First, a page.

|Bought pizza||Make your own pizza base plus sauce and add your favourite toppings.|
|Processed meat products (sausages, bacon, fried chicken)||Reduce the frequency of these foods but remember you do not need to cut them out.|
|Breakfast cereals that are sweetened or coloured||Use wholegrain cereals (wheat bisks, shredded wheat, oats, shreddies) as your main cereal and add a handful of the more processed version on top to get the best of both!|
|Fruit flavoured yoghurts||Natural yoghurt or plain greek yoghurt with fruit on the top.|
|Pies and pasties||Swap for homemade stews, soups with a bread roll.|
|Fizzy and sweetened drinks||Use a soda stream to make fizzy water and add fruit to it for flavour.|
|Ready Meals||Totally useful to have now and again, it’s a good idea to add to these. A portion fo vegetables on the side can help balance the meal. Where you can cook meals from scratch in bulk so you can eat the same meal twice or freeze a portion.|
|Confectionery and crisps||If these are your fun foods then this is about moderation and balance, so please do not feel you need to cut these foods out. Reducing them to sensible portions and focusing on enjoying the ones you love is helpful.|
|Cook in Sauces||Having a selection of easy to cook recipes making your own sauces can help build the skills and confidence to be able to make meals quickly that are cheap and nutritious. One of my go to sites is BBC Food. Don’t forget there may be occasions where these foods are helpful to have in your cupboard.|
|Shop bought breads||Choose a wholegrain bread and one higher in fibre, but do not feel you need to make your own bread, cut all bread out or buy artisan bread (which is less processed) unless you want to/are able to.|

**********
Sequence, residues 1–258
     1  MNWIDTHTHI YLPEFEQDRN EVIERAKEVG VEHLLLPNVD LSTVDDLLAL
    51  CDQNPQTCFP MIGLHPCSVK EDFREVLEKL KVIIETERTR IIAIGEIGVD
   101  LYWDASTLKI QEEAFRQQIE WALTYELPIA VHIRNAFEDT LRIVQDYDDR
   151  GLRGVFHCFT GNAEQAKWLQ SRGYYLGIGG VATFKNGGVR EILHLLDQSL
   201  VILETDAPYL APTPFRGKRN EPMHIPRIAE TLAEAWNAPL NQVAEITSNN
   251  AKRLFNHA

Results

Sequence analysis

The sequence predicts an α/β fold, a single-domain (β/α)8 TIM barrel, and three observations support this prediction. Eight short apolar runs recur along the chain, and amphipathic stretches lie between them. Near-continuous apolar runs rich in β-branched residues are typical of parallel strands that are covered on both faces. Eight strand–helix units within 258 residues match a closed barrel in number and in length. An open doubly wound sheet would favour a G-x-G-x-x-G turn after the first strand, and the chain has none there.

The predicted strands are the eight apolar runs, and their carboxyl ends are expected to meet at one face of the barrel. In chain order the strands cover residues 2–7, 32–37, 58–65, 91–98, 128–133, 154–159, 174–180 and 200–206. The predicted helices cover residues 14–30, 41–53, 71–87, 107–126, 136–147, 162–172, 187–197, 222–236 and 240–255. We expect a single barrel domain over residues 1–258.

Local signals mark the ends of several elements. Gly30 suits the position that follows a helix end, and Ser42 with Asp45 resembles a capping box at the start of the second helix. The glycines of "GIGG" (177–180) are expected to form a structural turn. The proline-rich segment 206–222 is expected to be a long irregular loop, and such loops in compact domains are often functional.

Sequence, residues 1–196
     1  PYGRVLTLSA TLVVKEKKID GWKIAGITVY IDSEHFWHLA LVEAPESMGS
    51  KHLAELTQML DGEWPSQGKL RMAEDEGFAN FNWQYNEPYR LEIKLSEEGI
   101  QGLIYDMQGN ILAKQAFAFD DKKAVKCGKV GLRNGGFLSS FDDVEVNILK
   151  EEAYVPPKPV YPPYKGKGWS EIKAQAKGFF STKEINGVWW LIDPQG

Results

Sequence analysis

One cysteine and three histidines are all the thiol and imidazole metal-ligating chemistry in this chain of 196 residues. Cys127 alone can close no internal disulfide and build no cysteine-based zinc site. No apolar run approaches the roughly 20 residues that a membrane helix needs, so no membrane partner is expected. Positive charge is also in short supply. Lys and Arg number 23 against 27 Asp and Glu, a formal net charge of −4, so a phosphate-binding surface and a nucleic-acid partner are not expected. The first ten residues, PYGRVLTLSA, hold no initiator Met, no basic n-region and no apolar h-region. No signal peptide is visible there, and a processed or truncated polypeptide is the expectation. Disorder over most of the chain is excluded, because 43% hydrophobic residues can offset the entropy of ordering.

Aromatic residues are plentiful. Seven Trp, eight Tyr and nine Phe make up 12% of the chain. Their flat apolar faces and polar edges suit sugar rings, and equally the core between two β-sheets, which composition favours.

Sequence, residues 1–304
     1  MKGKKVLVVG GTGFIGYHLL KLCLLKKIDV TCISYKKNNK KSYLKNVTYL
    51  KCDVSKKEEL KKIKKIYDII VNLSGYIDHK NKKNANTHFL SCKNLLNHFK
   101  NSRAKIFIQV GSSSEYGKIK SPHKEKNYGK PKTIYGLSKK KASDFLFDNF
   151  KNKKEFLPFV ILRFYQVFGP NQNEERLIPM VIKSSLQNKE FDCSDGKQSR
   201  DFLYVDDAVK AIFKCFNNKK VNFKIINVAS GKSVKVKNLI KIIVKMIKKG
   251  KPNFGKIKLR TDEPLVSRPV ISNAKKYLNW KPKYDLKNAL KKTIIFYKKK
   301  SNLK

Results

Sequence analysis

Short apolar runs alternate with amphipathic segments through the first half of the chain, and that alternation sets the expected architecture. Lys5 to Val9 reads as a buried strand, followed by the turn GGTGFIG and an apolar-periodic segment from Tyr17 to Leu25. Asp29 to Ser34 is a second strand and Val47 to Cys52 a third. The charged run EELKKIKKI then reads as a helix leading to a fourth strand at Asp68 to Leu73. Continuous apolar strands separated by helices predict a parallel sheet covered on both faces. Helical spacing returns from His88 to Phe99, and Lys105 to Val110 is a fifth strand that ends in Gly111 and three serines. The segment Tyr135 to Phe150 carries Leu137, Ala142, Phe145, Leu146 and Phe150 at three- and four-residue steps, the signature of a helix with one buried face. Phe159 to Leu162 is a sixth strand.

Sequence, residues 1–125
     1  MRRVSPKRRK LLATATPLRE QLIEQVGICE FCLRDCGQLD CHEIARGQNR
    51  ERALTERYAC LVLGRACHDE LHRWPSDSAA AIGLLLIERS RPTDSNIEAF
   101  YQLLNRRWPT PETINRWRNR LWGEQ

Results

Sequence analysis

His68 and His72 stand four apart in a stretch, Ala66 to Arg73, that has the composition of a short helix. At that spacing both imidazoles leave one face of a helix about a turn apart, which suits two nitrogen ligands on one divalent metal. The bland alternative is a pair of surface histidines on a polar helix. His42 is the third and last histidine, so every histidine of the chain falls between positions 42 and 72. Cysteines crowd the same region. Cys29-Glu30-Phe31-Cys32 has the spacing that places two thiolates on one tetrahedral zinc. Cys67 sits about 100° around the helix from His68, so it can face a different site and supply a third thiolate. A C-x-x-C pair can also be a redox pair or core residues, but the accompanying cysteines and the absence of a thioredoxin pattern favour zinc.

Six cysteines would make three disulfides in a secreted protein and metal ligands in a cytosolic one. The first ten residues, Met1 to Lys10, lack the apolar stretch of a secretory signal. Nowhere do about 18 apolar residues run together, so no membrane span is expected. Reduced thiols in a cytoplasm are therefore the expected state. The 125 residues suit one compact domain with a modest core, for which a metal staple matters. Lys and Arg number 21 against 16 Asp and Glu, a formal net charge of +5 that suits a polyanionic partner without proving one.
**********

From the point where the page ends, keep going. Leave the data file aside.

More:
|Tinned soups||Make your own where possible, these can be quick and easy to make.Or opt for a lower salt soup, add some extra protein such as cheese and a bread roll on the side.|
Some top tips to help with time and the cost:
Make your own mix of dried fruit, nuts and seeds and pop in a jar for easy snacking. This saves you making up a fresh mix each time.
Whizz up hummus using tinned chickpeas, tahini, garlic and lemon juice. This will freeze.
Plan to make more sandwiches at home instead of buying a meal deal. You can make a couple of days lunches in one go to save time on some days.
Cook a meal from scratch in bulk so you can eat the same meal twice or freeze a portion.
Club together with others to share the cooking and the shopping.
Look out for offers on fruit and vegetables, end of line bargains and think about growing a little food yourself. Even a few pots of fresh herbs can make all the difference.
Why you may need to eat UPF’s :
There can be various reasons why you may need to eat ultra-processed foods. For example, baby formula milk is ultra processed but essential for many babies! People on special diets can be reliant on foods that are classed as UPF’s. Coeliac disease, food allergies, kidney disease, genetic conditions, digestive conditions and eating disorders can all mean these foods are essential or required. Which is totally fine, there should be no shame or fear around this.
Public health and media messages can often be quite blackened white. In reality we know life is more shades of grey! If you are unsure please reach out to your trusted health professionals, remember dietitians are the most qualified to give nutrition advice. My team are always happy to help.